Closing Program A is another easy-to-watch modern ballet featuring hummed tunes by Tony Bennett with a special duet with Lady Gaga. With stunning costumes built by John Kristiansen New York Inc., Jessica Lang choreographed “ZigZag” as a centerpiece for solos, duets and small groups. It’s a free-wheeling, swaggering, fun cast that gives audiences a fresh take on what dance is all about. Before the curtain rises on ballerinas in stunning costumes spinning around and around, the theater is dark with only the voice of a young Tony Bennett crooning “What the World Needs Now”.

And it’s clear the world could use a little love, the only thing, Bennett sings, there’s just too little. Ah! We definitely need more love in our world…and our dances. Still, this 30-minute ballet seems turned towards the past and not towards the future which seems so promising for ABT. There is no message here. You just sit back, listen to the recorded songs and let your thoughts soar with the dance. On the other hand, one might recall the words of Martha Graham when she said, “If you can sing it, don’t bother dancing it.”

Its familiar tunes are brought to life by the company’s dancers – look out for Howard County’s Katherine “Katie” Williams in “Fascinating Rhythm” and the haunting “Smile.” Other highlights include Isabella Boylston who she dances with and Calvin Royal III, Catherine Hurling, Sung Woo Han and the full cast of “It Doesn’t Mean Anything If It Doesn’t Have That Swing.”

That leaves one of the most intriguing in-between offerings from Alonzo King, founder/artistic director/choreographer of his acclaimed LINES Ballet in San Francisco. Totally different from the opening and closing ballets, this work is witty in its message fierce in its presentation. Beautiful shimmering gold backdrops set the frame for the artwork which has dancers front and back to create a mysterious feel. Obviously, when you work with professional dancers, all classically trained, you have the advantage of presenting a work that the public will enjoy watching. Last night the crowd got up for the bows.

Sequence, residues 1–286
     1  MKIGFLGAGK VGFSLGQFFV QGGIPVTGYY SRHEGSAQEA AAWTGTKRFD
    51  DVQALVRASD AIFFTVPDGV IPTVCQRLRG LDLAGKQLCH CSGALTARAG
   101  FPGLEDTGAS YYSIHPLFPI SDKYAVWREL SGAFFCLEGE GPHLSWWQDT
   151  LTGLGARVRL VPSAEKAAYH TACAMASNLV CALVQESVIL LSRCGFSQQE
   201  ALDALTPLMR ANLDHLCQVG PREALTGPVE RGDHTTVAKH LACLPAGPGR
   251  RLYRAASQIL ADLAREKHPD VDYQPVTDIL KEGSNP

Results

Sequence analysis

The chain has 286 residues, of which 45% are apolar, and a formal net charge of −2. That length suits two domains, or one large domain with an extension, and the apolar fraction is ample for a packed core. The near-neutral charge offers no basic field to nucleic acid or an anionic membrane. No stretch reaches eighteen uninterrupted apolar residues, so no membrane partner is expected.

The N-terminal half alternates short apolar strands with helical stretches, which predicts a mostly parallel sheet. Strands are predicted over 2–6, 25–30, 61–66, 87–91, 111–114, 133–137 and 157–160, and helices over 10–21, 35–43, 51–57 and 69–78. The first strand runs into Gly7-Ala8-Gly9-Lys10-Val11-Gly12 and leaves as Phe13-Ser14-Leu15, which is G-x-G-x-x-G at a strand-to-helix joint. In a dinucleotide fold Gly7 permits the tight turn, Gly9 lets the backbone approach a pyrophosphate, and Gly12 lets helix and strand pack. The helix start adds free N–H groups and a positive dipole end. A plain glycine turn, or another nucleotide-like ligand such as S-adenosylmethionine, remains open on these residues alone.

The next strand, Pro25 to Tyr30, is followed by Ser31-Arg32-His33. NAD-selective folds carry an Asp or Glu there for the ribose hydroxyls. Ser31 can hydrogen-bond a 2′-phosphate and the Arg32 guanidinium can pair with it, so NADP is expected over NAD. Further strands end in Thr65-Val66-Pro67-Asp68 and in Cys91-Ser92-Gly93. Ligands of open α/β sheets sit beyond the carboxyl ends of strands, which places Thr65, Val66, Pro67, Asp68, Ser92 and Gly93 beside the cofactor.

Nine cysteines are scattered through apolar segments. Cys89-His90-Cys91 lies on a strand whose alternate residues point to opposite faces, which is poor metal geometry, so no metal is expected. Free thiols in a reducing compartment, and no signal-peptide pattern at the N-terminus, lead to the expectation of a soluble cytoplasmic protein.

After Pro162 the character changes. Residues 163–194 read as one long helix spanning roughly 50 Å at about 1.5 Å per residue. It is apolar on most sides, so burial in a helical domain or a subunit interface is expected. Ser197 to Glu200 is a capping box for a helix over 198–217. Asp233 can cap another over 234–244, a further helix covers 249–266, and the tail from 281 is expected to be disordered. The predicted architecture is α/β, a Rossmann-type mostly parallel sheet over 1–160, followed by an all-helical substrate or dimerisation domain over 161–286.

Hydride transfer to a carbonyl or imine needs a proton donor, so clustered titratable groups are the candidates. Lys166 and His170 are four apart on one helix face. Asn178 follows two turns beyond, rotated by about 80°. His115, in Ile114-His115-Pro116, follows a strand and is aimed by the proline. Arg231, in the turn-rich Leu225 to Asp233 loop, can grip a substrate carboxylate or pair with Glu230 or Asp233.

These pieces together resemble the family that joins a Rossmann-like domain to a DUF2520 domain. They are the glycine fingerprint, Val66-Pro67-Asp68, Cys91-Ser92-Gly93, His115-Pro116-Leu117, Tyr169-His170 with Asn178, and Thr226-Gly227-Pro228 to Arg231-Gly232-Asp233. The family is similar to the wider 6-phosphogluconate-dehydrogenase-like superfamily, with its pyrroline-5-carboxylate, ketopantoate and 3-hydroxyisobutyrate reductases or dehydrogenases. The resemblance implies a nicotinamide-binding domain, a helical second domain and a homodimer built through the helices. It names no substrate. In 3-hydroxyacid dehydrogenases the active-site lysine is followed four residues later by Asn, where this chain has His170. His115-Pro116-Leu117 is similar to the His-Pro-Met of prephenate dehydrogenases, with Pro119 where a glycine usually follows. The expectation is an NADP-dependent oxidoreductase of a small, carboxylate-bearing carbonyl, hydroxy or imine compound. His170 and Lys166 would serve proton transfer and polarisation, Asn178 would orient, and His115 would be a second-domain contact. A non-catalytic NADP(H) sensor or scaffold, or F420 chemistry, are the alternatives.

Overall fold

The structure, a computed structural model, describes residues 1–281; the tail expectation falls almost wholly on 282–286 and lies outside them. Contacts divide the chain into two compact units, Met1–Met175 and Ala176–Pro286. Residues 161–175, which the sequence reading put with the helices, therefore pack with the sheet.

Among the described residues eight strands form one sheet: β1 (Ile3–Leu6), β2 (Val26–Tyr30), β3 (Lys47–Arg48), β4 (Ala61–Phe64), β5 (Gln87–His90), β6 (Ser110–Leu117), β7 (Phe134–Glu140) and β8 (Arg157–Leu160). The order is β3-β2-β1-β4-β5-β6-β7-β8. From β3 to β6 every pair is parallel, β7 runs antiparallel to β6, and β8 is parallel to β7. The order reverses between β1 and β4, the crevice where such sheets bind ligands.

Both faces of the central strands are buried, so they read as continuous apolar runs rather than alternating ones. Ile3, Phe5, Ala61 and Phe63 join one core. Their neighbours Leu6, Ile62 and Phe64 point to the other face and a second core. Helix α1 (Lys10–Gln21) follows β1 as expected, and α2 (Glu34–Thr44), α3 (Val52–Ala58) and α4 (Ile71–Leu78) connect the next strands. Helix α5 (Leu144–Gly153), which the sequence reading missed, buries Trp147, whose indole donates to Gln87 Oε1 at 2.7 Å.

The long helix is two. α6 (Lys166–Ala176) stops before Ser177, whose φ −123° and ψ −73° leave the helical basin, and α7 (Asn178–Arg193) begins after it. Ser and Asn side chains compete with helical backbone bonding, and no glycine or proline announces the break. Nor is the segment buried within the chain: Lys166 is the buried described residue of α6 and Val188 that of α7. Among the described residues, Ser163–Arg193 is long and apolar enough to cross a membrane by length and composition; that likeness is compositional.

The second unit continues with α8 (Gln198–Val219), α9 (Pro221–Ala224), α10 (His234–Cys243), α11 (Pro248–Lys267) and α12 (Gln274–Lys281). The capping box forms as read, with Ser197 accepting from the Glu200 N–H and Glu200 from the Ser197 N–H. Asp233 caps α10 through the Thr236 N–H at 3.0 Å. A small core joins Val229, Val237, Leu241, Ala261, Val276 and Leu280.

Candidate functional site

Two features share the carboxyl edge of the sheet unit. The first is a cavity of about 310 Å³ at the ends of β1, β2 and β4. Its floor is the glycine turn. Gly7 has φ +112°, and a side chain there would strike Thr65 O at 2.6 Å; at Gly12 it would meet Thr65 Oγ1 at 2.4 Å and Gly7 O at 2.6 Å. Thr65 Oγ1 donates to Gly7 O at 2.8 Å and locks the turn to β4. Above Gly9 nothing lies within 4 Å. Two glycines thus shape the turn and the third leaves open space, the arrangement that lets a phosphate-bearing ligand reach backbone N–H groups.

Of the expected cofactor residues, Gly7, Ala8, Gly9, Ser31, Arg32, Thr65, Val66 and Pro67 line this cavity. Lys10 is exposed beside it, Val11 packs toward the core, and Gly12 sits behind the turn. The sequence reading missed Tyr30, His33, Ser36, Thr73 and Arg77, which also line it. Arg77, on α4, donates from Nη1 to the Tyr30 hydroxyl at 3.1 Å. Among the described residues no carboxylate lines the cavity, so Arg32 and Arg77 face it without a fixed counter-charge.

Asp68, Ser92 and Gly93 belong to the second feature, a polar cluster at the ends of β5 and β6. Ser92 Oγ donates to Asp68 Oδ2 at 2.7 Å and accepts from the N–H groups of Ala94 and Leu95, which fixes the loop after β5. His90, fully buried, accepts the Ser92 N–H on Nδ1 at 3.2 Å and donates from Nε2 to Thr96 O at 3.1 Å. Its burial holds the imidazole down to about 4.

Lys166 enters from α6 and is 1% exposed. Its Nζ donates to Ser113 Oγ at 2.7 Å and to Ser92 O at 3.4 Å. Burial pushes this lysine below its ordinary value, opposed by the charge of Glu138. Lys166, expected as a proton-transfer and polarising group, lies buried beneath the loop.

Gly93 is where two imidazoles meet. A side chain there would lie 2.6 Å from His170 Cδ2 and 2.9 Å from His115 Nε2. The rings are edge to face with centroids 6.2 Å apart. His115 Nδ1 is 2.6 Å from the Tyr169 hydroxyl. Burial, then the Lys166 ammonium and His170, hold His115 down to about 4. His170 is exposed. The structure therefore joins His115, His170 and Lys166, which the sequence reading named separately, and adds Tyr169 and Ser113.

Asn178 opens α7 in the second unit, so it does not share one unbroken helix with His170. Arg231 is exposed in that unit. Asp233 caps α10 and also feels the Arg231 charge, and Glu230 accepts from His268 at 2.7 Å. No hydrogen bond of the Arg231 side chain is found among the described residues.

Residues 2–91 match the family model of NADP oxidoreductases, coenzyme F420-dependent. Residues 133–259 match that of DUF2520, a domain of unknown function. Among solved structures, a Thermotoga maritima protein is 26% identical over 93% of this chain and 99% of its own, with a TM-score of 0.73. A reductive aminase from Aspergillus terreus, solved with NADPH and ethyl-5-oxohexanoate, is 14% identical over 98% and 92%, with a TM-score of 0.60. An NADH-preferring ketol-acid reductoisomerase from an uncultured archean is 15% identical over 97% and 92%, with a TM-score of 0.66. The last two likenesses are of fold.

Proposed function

Congratulations to dancers Christine Shevchenko, Cory Stearns, Herman Cornejo – always one of my favorite ABT dancers, Devon Teuscher and Calvin Royal III for their wonderful presentation. Jason Moran, who is an artistic advisor at the Kennedy Center, performed the piano concerto of “Single Eye”, with the motto “If your eye is single, your whole body will be full of light”. – Matthew 6:22.” Egyptian-style costume design by Robert Rosenwasser deserves praise, as does Jim French for the lighting (without his touch, much would be lost).

I plan to revisit this intriguing work when ABT returns to its New York home in July. In the meantime, I can’t wait to see the Kennedy Center production of “Don Quixote,” an old work revisited by Kevin McKenzie and his team. Congratulations to all.

Duration: 2h20 with 2 intermissions of 15 minutes.

American Ballet Theater is performing now through Sunday, April 3, 2022 at the John F. Kennedy Center for the Performing Arts, 2700 F Street, NW Washington, DC 20566. Note that Katie Williams is performing in “Don Quixote” as Flower Girl, March 31, Mercedes and Queen of the Dryads, Saturday evening April 2, and a special role, Sunday April 3. For more information and tickets for ABT and the 2022 Dance Series, visit here. Proof of full COVID-19 vaccination and valid photo ID are required to attend all performances and indoor events at the Kennedy Center.

Arrive early and experience The REACH at the Kennedy Center as it stands COAL + ICE is a documentary photography exhibition that brings together the work of over 50 photographers and videographers from around the world to visualize the climate crisis – its causes and consequences – as a large-scale, immersive experience. COAL+ICE is co-curated by Magnum photographer Susan Meiselas and renowned exhibit designer Jeroen de Vries, and led by Orville Schell, Director Arthur Ross of the Center on US-China Relations at Asian society.

Asian society is honored to partner with the Kennedy Center to bring COAL+ICE to our nation’s capital for its East Coast premiere, March 15-April 22, 2022. COAL+ICE has been uniquely adapted for the Kennedy Center. 50 projectors illuminate the 30,000 square foot exhibit space built on the Kennedy Center’s REACH Plaza.